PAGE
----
It is fitting, incidentally, that James refers to the day of judgment as the day of slaughter, since Gehenna, the biblical example of the lake of fire often translated as “hell,” was otherwise known as “the Valley of Slaughter” (see Jeremiah 7:30-34 and Jeremiah 19:2-13).
The New Testament declaration that, at the second death, God will utterly destroy his human enemies—soul and body—by raging, consuming fire is in perfect harmony with the many Old Testament historical cases of how God dealt with his enemies then. Here’s one example:
Aaron’s sons Nadab and Abihu took their censors, put fire in them and added incense; and they offered unauthorized fire before the LORD, contrary to his command. (2) So fire came out from the presence of the LORD and consumed them, and they died before the LORD.
We see here that Nadab and Abihu ignored God’s commands and attempted to approach Him on their own terms. As a result “fire came out from the presence of the LORD and consumed them, and they died before the LORD.” Their disregard of the LORD’s will and attempt to approach Him on their own terms represents religion as opposed to Christianity. Religion is the human attempt to connect with God, whereas Christianity is God connecting with humanity through Christ. We can either do it our way or God’s way, it’s our choice.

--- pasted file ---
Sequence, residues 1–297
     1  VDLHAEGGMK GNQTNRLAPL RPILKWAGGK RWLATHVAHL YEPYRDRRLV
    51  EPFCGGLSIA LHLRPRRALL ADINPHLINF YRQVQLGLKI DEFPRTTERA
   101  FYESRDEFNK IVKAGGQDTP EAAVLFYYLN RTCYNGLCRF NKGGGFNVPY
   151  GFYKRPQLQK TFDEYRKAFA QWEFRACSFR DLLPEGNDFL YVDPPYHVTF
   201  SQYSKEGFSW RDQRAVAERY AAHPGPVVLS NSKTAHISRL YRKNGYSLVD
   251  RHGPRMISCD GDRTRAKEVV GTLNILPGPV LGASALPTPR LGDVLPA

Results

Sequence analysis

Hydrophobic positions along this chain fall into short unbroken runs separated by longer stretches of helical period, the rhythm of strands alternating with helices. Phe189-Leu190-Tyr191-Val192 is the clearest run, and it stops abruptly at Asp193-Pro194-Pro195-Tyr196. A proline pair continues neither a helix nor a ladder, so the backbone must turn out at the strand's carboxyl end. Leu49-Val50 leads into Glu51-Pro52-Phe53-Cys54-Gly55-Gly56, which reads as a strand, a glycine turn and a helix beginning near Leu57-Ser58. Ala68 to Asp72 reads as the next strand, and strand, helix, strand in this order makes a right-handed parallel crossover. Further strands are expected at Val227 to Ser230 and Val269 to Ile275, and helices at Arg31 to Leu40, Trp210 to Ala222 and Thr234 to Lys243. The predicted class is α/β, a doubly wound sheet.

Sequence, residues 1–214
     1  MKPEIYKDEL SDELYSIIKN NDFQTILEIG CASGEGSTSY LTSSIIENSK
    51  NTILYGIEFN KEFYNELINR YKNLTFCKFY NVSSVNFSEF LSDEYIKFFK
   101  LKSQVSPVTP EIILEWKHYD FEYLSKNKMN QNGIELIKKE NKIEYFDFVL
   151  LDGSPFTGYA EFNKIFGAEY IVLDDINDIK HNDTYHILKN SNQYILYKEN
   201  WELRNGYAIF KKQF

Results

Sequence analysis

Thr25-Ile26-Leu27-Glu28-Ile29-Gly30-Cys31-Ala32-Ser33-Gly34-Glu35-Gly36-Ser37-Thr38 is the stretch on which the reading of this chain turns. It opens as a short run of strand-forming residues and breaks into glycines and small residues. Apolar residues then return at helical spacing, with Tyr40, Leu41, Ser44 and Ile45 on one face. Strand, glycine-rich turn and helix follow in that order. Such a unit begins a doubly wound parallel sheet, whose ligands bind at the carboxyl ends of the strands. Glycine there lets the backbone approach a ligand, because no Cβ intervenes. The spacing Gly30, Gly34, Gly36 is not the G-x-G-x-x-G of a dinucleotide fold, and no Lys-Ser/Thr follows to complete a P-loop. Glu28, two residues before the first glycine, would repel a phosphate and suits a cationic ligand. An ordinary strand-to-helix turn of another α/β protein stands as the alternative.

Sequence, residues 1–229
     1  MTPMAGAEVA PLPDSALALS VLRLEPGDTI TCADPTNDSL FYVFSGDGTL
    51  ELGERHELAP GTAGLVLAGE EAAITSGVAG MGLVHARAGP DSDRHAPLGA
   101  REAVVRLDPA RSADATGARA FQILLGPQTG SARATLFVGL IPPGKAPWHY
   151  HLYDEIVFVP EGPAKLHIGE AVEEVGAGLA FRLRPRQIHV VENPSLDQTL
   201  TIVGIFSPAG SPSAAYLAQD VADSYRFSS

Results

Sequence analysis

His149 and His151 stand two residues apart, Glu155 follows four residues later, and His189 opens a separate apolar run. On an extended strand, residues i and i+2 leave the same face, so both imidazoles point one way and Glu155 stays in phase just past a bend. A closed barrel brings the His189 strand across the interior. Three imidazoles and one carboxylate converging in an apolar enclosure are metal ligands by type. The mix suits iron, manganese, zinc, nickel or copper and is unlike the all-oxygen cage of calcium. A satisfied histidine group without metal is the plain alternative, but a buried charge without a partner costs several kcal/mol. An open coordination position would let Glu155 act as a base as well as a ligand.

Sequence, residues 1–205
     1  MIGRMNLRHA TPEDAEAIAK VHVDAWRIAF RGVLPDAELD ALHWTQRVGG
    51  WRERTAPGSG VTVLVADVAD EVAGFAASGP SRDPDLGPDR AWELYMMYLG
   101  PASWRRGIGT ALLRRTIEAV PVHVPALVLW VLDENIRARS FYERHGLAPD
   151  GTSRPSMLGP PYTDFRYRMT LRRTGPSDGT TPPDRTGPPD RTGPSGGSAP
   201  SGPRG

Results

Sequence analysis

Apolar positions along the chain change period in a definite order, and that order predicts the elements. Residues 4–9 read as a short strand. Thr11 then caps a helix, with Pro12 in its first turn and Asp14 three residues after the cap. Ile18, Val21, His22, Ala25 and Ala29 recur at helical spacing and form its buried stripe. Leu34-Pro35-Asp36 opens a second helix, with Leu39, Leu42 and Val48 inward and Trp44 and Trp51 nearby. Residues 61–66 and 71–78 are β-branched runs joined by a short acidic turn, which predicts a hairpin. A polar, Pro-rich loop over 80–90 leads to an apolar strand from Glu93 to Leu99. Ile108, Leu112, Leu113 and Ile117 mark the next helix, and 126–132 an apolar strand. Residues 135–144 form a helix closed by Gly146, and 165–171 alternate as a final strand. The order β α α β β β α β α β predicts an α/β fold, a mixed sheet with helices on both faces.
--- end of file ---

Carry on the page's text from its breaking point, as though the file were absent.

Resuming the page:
The fiery consumption of Nadab and Abihu is a biblical example of what will happen on judgment day to people who disregard God’s Word and live their lives with little or no concern of their Creator; these proud rebels are only willing to approach God on their own terms. On judgment day such people can expect a fire to come out from the presence of the LORD and consume them. They will die before the LORD, just as assuredly as Nadab and Abihu did.
Here are a few more examples:
And fire came out from the LORD and consumed the 210 men (Korah’s followers) who were offering the incense.
2 Kings 1:10
Elijah answered the captain, “If I am a man of God, may fire come down from heaven and consume you and your fifty men!” Then fire fell from heaven and consumed the captain and his men.12
PSALM 97:2 b-3